# How to Use Proc Summary in SAS (With Examples)

You can use proc summary in SAS to quickly calculate the following descriptive statistics for one or more variables in a dataset:

• N: The total number of observations
• MIN: The minimum value
• MAX: The maximum value
• MEAN: The mean
• STD: The standard deviation

The following examples show how to use this procedure with the SAS built-in dataset called Fish, which contains various measurements for 159 different fish caught in a lake in Finland.

We can use proc print to view the first 10 observations from this dataset:

```/*view first 10 observations from Fish dataset*/
proc print data=sashelp.Fish (obs=10);

run;
``` Related: How to Identify Outliers in SAS

### Example 1: Proc Summary with One Variable

We can use the following code to calculate descriptive statistics for the Weight variable:

```/*calculate descriptive statistics for Weight variable*/
proc summary data=sashelp.Fish;
var Weight;
output out=summaryWeight;
run;

/*print output dataset*/
proc print data=summaryWeight;``` Here’s how to interpret the output table:

• _TYPE_: This column shows whether or not every row in the dataset was used to calculate the descriptive statistics. 0 = Every row was used.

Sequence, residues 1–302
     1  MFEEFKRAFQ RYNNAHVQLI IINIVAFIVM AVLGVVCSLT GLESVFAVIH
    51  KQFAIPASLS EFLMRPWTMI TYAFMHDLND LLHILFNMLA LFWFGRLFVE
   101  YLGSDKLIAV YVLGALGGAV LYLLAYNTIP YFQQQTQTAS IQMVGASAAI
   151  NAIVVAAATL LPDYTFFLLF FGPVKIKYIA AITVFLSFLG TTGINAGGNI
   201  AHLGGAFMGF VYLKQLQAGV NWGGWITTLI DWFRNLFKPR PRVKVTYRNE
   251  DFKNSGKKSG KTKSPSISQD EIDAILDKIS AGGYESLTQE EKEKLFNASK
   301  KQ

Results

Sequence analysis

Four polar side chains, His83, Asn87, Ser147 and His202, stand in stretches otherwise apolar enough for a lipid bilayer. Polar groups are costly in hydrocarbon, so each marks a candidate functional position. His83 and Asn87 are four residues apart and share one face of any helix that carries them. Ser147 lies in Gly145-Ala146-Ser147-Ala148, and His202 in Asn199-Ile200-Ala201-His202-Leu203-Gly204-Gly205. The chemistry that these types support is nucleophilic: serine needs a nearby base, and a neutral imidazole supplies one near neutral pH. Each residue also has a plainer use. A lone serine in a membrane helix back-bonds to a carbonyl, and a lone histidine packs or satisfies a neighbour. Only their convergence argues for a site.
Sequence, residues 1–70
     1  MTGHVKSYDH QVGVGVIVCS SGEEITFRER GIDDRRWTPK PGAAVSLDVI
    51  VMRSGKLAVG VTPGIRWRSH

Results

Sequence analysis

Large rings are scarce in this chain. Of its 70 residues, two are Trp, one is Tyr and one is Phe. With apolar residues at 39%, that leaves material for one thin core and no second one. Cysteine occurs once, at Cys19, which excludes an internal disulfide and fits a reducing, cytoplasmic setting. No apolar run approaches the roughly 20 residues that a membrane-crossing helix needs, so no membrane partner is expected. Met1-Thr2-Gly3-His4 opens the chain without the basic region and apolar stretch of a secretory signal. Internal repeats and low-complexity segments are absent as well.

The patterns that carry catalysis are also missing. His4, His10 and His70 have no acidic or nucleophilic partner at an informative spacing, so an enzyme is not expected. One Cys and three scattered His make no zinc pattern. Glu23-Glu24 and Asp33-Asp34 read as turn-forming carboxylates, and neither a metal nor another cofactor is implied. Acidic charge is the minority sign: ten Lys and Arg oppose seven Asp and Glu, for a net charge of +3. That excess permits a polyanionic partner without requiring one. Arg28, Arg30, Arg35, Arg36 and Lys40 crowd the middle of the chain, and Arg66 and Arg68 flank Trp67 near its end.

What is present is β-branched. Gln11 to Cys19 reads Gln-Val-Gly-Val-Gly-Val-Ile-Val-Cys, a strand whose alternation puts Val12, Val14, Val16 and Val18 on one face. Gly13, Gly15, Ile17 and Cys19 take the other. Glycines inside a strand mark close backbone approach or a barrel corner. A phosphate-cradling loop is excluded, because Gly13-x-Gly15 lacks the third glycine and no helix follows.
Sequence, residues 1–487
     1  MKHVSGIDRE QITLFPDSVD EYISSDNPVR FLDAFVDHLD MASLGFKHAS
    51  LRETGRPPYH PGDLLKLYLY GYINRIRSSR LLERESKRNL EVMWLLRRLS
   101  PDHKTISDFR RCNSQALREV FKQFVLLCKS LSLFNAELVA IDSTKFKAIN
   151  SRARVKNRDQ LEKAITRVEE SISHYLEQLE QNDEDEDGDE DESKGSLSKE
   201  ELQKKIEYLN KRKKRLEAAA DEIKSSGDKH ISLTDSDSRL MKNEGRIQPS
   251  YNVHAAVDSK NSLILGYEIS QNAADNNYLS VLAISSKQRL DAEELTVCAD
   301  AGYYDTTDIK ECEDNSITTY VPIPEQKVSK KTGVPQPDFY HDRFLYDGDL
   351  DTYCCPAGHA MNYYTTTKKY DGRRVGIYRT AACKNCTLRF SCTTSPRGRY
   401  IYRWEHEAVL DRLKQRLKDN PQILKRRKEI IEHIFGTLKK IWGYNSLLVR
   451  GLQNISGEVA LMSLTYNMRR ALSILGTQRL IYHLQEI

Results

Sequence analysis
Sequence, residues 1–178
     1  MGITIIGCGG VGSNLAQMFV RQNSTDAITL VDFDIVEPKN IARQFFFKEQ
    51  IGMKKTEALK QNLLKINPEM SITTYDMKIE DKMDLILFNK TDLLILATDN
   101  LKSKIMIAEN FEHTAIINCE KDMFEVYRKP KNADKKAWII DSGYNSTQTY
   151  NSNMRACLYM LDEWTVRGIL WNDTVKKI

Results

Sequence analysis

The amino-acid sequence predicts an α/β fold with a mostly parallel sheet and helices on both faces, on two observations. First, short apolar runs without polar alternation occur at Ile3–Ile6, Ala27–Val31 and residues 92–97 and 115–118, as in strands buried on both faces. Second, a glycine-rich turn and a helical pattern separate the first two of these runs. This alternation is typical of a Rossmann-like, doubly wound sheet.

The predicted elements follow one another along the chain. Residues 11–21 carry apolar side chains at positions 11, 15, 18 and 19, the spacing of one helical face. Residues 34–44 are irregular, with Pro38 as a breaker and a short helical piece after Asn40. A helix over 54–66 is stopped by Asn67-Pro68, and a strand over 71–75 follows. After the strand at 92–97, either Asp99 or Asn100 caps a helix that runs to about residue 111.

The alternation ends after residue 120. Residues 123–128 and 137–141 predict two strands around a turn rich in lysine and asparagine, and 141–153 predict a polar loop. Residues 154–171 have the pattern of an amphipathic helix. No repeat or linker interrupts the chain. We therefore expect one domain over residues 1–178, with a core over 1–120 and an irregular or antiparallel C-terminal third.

• _FREQ_: The number of rows used to calculate each descriptive statistic.
• _STAT_: The name of the descriptive statistic.
• Weight: The numerical value for the corresponding descriptive statistic.

From the output we can see:

• The total number of observations was 158.
• The minimum weight value was 0.
• The maximum weight value was 1,650.
• The mean weight value was 398.70.
• The standard deviation of weight values was 359.09.

From these five values we can gain a pretty good understanding of the distribution of values for the Weight variable.

### Example 2: Proc Summary with Multiple Variables

To calculate descriptive statistics for multiple variables at once, simply list several variable names in the var statement.

For example, we can use the following code to calculate descriptive statistics for the Weight and Height variables:

```/*calculate descriptive statistics for Weight and Height variables*/
proc summary data=sashelp.Fish;
var Weight Height;
output out=summaryWeightHeight;
run;

/*print output dataset*/
proc print data=summaryWeightHeight;``` From the output we can see the five descriptive statistics for both Weight and Height.

### Example 3: Proc Summary with One Variable Grouped by Another Variable

To calculate descriptive statistics for one variable grouped by another variable, we can use the class statement.

For example, we can use the following code to calculate descriptive statistics for Weight grouped by Species:

```/*calculate descriptive statistics for Weight grouped by Species*/
proc summary data=sashelp.Fish;
var Weight;
class Species;
output out=summaryWeightSpecies;
run;

/*print output dataset*/
proc print data=summaryWeightSpecies;``` The output table displays the descriptive statistics for each Species of fish.

For example, we can observe the following descriptive statistics for just the Bream fish:

• The total number of observations was 34.
• The minimum weight value was 242.
• The maximum weight value was 1,000.
• The mean weight value was 626.
• The standard deviation of weight values was 206.60.

We can observe these descriptive statistics for every other species as well.